On-farm efficiencies pave the way to success

     
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GMID irrigators have the potential to produce twice as much food with half the water, says irrigation systems developer John Padman.

GMID irrigators have the potential to produce twice as much food with half the water, says Strathmerton-based irrigation systems developer John Padman.
The former dairy farmer, perhaps best known until now for his Padman Stops - a watertight rubber flap that is set in a concrete structure to make it easier to automate gravity flow water - is currently testing and refining his fast-watering process for surface-flood irrigators.
The process involves irrigating faster than the water can soak below the root zone.  As a result, less water is used and labour and energy costs are also minimized.
Mr Padman has built a pump with a flow meter that is used in trials to measure the effect of fast watering. These trials have consistently found that the faster the watering, the less water is used.
Mr Padman's innovation won the 2008 national regional and rural category of the Savewater Award, which recognises outstanding water savings achieved by the manufacturing, primary production and retail/wholesale sectors in regional and rural areas.
"Modernising the irrigation system is important but so is improving on-farm efficiency and I think we need to keep pushing that message and ensuring there is support for farmers who want to become more efficient," he said.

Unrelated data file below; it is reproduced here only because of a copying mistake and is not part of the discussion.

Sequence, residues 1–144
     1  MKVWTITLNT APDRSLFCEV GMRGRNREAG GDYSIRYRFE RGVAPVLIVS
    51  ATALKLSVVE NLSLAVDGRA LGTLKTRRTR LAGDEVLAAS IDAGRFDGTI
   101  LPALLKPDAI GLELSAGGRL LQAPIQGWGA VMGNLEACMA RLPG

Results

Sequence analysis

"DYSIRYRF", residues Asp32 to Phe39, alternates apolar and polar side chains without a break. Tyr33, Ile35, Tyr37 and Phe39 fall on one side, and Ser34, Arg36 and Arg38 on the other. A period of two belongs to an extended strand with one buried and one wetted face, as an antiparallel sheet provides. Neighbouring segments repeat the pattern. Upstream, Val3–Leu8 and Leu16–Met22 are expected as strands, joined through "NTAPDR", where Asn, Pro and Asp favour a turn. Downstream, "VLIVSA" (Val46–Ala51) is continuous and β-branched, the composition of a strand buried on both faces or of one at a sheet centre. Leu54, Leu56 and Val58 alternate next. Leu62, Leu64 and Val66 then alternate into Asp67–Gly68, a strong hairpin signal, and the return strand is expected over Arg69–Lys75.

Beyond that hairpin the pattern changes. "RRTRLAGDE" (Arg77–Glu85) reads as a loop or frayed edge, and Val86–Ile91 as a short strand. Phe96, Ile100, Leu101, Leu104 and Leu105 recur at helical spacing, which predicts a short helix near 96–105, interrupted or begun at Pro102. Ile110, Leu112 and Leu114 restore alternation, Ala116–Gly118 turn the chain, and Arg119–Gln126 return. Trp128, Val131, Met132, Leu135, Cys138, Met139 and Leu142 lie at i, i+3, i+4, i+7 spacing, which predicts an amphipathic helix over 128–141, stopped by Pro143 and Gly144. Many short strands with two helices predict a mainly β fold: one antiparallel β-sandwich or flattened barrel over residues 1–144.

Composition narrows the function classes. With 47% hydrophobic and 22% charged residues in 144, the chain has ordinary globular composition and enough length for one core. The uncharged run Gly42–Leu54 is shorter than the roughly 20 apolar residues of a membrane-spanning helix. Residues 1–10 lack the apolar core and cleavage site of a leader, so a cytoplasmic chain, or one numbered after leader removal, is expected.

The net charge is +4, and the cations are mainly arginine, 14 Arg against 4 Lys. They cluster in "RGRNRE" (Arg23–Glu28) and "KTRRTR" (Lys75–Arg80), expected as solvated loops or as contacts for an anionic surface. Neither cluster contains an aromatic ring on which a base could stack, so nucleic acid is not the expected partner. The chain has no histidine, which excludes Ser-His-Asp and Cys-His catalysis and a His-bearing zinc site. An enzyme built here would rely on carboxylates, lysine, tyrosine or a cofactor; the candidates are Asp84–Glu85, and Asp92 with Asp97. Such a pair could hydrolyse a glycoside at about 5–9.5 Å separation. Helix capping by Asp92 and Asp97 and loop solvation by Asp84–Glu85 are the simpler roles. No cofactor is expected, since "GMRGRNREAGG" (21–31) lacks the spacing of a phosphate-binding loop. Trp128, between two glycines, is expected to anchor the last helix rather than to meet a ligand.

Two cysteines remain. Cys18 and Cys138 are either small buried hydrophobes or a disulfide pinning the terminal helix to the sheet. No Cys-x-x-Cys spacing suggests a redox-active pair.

He said traditional watering methods were only about 50 to 60 per cent efficient but on-farm trials of fast-watering had proved to be up to 90 per cent efficient.
"We've done a number of trials and tests and hosted field days that show the effects of different flow rates," Mr Padman said.
"Traditionally it's taken six to eight hours to water a bay but fast watering gets it back to between half an hour and two hours."
He said farmers recognised that if they looked at ways to use water more efficiently and "hung in there" there were huge opportunities to expand their operations.
"Already farmers are getting four times more tonnes of crop per megalitre than they were a decade ago," he said.
"Were really heading towards what seemed an unobtainable goal a few years ago of getting twice the feed for half the water.
"If the funding is there for more research and investment in on-farm efficiencies and processes, we could end up being the irrigation showcase of the world."

 

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